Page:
Toots Zynsky | Beau Couple
Toots Zynsky

born 1951
Resides in Philadelphia, Pennsylvania

Biography              Statement              Ask the Artist
Toots Zynsky lives in Paris. She was born Mary Ann, but was called Toots almost from birth. She earned her BFA at the Rhode Island School of Design, then went to Seattle to study with Dale Chihuly at the Pilchuck Glass School. Since then, she's returned to Pilchuck as a teacher.

In the mid-1980s, she spent six months in Ghana, on a special research project, recording Ghanaian music. In 1995, her work is being shown at special exhibitions in Tokyo, Zurich, Italy, Philadelphia and Chicago.


It's really amazing. You can do everything with glass. You can pour it and cast it like metal. You can stretch it, carve it, saw it, you can stick it together. It's the only material that you can melt and blow. It's such a strange and plastic thing. I think that's what keeps drawing me back to it.
[International Herald Tribune 12/4/94]

Ask the Artist

Where do you get the ideas for your work?

From everywhere. I look at everything. I listen to lots of different music, etc., etc.

Do you work alone on your craft, or with others?

Alone, but an assistant pulls the glass to thread for me with a special machine.

Do you ever teach, or take on apprentices?

I teach only occasionally and really don't take apprentices. ( I used to teach a lot more.)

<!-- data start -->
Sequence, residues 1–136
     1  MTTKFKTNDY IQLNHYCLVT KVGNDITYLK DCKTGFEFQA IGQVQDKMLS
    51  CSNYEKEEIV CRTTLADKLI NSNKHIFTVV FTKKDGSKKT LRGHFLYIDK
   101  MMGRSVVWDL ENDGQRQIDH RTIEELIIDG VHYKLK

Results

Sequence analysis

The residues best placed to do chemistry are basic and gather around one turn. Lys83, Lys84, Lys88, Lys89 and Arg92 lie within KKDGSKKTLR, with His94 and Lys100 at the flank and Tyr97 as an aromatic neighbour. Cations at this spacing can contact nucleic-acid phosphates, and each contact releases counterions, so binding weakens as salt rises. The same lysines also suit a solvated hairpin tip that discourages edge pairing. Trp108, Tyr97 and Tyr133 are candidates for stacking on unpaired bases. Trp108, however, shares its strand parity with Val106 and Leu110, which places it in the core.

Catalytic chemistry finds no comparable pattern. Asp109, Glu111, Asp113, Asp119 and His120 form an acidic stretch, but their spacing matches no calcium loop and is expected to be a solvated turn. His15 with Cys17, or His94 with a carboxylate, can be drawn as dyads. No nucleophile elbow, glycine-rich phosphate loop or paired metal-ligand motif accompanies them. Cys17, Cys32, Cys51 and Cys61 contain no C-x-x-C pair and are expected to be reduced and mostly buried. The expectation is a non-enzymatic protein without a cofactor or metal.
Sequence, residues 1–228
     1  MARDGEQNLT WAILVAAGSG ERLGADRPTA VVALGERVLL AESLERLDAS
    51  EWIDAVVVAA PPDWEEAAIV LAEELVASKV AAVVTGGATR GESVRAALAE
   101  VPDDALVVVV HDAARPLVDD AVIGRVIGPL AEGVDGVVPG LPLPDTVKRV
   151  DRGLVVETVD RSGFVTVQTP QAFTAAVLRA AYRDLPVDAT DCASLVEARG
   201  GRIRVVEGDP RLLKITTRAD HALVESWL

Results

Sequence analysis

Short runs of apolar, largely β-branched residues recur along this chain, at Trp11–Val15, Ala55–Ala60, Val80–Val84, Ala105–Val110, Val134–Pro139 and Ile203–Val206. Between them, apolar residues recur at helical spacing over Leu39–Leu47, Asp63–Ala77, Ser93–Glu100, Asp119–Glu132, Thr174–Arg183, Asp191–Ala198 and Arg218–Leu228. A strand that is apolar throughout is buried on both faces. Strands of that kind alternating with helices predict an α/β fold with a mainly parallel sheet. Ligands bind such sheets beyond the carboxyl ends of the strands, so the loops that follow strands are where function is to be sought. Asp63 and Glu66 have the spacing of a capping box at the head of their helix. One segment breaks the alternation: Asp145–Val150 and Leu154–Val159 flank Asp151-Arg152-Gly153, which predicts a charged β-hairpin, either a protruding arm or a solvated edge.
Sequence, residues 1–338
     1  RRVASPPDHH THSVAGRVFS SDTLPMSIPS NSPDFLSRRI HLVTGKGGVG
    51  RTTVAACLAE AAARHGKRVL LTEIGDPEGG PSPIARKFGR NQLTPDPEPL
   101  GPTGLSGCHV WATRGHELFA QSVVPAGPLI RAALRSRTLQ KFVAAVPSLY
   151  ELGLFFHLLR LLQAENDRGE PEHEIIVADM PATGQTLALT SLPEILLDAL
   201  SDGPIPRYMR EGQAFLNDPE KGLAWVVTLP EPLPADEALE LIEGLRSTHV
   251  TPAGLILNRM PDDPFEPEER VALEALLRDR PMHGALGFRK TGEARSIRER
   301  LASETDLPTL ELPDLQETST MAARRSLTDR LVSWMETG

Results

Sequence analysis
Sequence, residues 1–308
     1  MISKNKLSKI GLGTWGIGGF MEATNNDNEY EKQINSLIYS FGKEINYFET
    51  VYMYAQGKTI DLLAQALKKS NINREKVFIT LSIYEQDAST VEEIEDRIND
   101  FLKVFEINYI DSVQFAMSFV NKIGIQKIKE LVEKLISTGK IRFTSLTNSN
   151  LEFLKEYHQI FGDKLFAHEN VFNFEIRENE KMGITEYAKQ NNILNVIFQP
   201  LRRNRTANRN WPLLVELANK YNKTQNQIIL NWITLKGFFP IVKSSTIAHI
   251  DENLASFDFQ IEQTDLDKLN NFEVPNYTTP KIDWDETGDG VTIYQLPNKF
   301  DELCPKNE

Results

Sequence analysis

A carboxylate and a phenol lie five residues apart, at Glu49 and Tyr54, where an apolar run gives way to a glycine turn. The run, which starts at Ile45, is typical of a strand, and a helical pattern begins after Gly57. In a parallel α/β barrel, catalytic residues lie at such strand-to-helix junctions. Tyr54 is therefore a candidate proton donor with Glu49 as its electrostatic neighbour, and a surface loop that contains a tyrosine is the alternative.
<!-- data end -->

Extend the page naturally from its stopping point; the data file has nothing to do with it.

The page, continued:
What's the most exciting part of creating your works?

Seeing the finished work when it comes out of the oven.

What's the most difficult part of creating your works?

Days when I wake up and I have to keep working and I draw a blank.

What sort of technology do you use in your work? Has the technology of your craft changed dramatically over the past 100 years?

My work is a combination of almost every technology used for glassmaking including fiber optics, yes I'm grateful to Corning's development of fiber optic technology and their generous sharing of that information. Also the development of new refractory materials and non-asbestos insulator.

Do you have any advice for somebody just starting out?

Count on working your heart out and good luck.

Can you share a "secret of the trade" with us--something nobody else knows or that you found out only after years of experience? Put another way--what do you wish somebody had told you when you were just starting out that might have saved you hours of wasted effort?

Nothing really. I think we learn enormous amounts from our biggest mistakes.

What are we missing by experiencing your work through the Internet and not seeing/hearing/feeling/smelling/touching it in person?

About 90%.

Nathan Youngblood Suzanne L. Amendolara